What post-adoption support does ASAP provide to families?
The following services are provided to children and adoptive families through Tennessee’s ASAP network, and are necessary components for a successful, comprehensive post-adoption service program:
- Individualized, in-home care: Master’s-level clinicians provide in-home services for adopted children and their families.
- Crisis intervention: Families have access to therapists 24/7, if necessary; therapists are on call for emergencies.
- Relief team building: Respite care is provided for parents in need of a break.
- Support groups: Groups for both parents and children meet for support and fellowship, and also plan special activities for families (such as Family Fun Night, Parents’ Night Out, picnics, etc.).
- Adoption preparation classes: A professionally developed training curriculum with instruction and a take-home handbook for adoptive parents covers topics relevant to adoption, including expectations and motivations, parental self-awareness, attachment issues, grief and loss, cultural and racial factors, emotional triggers, and many other issues; class materials also include video interviews with adopted children and adoptive parents.
- Other advocacy: The program provides other support when and where it is needed, including information regarding children’s educational needs, childcare, juvenile court processes, etc.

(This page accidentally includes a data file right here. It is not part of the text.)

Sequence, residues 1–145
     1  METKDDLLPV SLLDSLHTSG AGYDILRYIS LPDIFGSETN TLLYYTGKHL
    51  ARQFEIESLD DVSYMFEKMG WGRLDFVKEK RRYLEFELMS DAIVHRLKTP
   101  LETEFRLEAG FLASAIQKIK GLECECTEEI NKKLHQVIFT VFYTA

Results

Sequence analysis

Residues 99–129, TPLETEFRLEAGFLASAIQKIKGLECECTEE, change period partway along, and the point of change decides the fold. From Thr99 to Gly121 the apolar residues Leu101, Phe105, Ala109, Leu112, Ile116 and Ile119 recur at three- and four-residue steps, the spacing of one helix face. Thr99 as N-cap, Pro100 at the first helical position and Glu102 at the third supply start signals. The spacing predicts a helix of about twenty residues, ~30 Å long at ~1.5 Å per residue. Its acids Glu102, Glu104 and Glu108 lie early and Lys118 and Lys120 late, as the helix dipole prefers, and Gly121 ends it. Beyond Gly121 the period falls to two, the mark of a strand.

- Community education: The program has involved and trained local mental healthcare professionals and others to help build a community that has both the wish and the capacity to support adoptive families.
- Centralized website for information and services: Families can look online and access or request services, resources, adoption trainings, information about local support groups, etc.
Most critical to post-adoption support is the involvement of Master’s-level clinicians, known within the ASAP program as Family Therapists, who can make regularly scheduled in-home visits and remain on call for emergency situations. Many of the ASAP clinicians work from home, residing in the communities they serve, thus affording them flexibility in serving urban and rural areas of the state. Meeting clients in their homes is crucial to providing the best possible post-adoption support, as it eliminates the need for outside childcare for other children, keeps the child(ren) at home in a familiar environment, and allows therapists to meet and talk with all members of the family.
Family Therapists in the ASAP program specialize in trauma-informed, attachment-based treatment protocols, which give them a unique capacity to address core needs of adoptive families, particularly those adopting from the foster care system. Both evidence-based and promising practice models are utilized, and treatment goals vary depending upon the unique needs of the family. Treatment models and techniques used by Family Therapists include, but are not limited to: TF-CBT (Trauma-Focused Cognitive Behavioral Therapy), PCIT (Parent & Child Interaction Therapy), ARC (Attachment & self-Regulatory Competency), and TBRI (Trust-Based Relational Intervention™). Evaluation instruments include parental stress index assessments, traumatic stress index assessments, and behavior checklists,2 which are administered both pre- and post-treatment. Therapists also lead support group meetings for both adopted children and adoptive parents.
How have post-adoption supports helped individual families in Tennessee?
Currently, over 4,000 families have been served through ASAP. Families participating in the program have less than a 7% disruption rate pre-finalization, and less than a 2% dissolution rate post-finalization.